Respondents in the 20-30 age group bought more Chinese-style speciality food, pre-packaged meal boxes and international-flavour food than those in other age groups. Respondents in the 31-40 age group purchased significantly more fast-chilled children’s food than other age groups did, probably because most have small children at home. The higher-income earners are more likely to purchase Chinese-style speciality food, instant canned food at room temperature, pre-marinated food, pre-packaged meal boxes and frozen noodles, and less likely to buy instant noodles/rice vermicelli.
Impact of Takeaways on Convenience Food Sales
The takeaway delivery market has experienced a boom on the Chinese mainland in recent years. This is likely to be due to the increased choice and variety that takeaways offer. This boom has had an effect on the markets for packaged convenience food and traditional instant food. The survey found that the growing popularity of takeaways has had a greater impact on the purchase of convenience food for lunch and dinner than on convenience food bought for breakfast. 38% of respondents agreed with the statement “As takeaways become prevalent, less convenience food (for lunch or dinner) is purchased than before”, while only 28% agreed with a similar statement regarding breakfast. However, 19% of respondents still maintained that “given the fast pace of life, more convenience food (for lunch or dinner) is purchased than before”.
Considerations in Buying Convenience Food
The survey found that the top three factors consumers take into consideration when buying convenience food are texture and flavour, brand and word-of-mouth recommendations, and the manufacturing date and expiry date. Compared with the 2013 survey, however, the importance of texture and flavour as a purchasing consideration has dropped appreciably. The importance of packaging design and small packages, new products/new flavours and quality certification in influencing consumers’ decision-making has increased since 2013.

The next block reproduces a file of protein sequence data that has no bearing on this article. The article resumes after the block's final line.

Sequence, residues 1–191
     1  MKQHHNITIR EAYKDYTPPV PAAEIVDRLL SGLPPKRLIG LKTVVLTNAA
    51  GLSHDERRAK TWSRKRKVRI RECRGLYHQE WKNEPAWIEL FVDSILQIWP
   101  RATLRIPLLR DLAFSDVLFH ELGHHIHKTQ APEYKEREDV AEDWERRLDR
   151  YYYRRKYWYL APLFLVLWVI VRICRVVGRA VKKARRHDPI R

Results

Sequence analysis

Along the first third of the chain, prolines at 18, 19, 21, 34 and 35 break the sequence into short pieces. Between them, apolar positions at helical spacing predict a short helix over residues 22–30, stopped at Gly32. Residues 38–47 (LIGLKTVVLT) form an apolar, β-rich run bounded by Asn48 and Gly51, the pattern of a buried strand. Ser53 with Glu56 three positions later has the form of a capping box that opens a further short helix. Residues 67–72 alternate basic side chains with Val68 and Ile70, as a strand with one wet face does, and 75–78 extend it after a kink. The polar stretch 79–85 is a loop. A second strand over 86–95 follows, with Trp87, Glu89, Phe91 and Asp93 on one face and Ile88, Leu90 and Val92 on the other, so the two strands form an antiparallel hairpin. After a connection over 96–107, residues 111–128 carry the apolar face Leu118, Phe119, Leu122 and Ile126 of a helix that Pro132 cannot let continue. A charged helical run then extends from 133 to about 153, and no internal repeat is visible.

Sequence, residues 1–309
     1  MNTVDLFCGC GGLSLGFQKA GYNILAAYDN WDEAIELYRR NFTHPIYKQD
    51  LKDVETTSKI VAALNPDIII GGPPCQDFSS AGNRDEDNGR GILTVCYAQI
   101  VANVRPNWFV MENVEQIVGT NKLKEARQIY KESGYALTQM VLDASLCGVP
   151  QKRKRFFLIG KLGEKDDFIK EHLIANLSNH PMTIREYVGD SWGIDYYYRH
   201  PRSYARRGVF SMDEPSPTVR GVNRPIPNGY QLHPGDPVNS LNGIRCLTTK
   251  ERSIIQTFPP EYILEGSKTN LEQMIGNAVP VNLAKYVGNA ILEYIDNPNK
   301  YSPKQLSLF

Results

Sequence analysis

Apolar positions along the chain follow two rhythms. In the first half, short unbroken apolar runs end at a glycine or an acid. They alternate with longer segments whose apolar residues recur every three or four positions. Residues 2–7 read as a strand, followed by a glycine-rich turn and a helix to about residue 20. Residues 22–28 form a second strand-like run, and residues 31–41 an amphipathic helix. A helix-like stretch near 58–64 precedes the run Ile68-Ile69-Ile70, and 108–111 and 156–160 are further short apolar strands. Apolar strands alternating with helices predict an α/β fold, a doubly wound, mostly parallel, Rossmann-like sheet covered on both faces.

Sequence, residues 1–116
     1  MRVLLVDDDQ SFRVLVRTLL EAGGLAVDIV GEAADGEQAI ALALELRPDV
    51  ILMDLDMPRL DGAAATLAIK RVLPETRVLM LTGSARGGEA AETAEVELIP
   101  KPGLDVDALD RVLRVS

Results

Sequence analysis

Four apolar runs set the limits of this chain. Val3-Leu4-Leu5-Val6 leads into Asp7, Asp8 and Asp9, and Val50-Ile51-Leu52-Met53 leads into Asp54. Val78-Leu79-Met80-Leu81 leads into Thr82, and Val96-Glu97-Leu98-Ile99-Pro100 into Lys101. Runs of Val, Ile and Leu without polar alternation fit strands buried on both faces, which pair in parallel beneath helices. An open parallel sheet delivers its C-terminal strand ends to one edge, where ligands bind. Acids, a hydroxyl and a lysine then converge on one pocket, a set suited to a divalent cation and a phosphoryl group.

Thanks to rapid urbanisation and rising incomes, China’s packaged food market has grown steadily over recent years. Today, mainland consumers place more emphasis on “food safety” and “healthy diet”. A more westernised lifestyle also has an impact on packaged food market development, offering opportunities for Hong Kong and international brands keen to enter or further expand into the mainland market.
The economic and social environment on the mainland has undergone significant change over recent years. To provide a useful reference for Hong Kong companies interested in venturing into the mainland market, HKTDC Research conducted a consumer survey in October 2017 to gauge the changes in consumer preferences, spending mentality and trends of the mainland packaged food market. This updates the findings of a similar study commissioned in 2013.
Packaged foods consist of numerous varieties. The survey covers five major categories, namely dairy products, seasoning products and sauces, snacks, grains, oils and dried products, and convenience food (including chilled and frozen food).
The survey was carried out during October 2017 in 10 major mainland cities. A total of 2,400 consumers were polled by online questionnaire. Before conducting the questionnaire survey, six consumer focus group discussions were held in Shanghai, Wuhan and Chengdu (two in each city). The objective of the focus group discussions was to further understand mainland consumers’ spending mentality by way of qualitative analysis.
 See Appendix for details of the survey. See China’s Packaged Food Market: Major Consumer Trends, China’s Packaged Food Market: Defining Characteristics (Part 1) and China’s Packaged Food Market: Defining Characteristics (Part 2) for details of major consumer trends and characteristics of the market.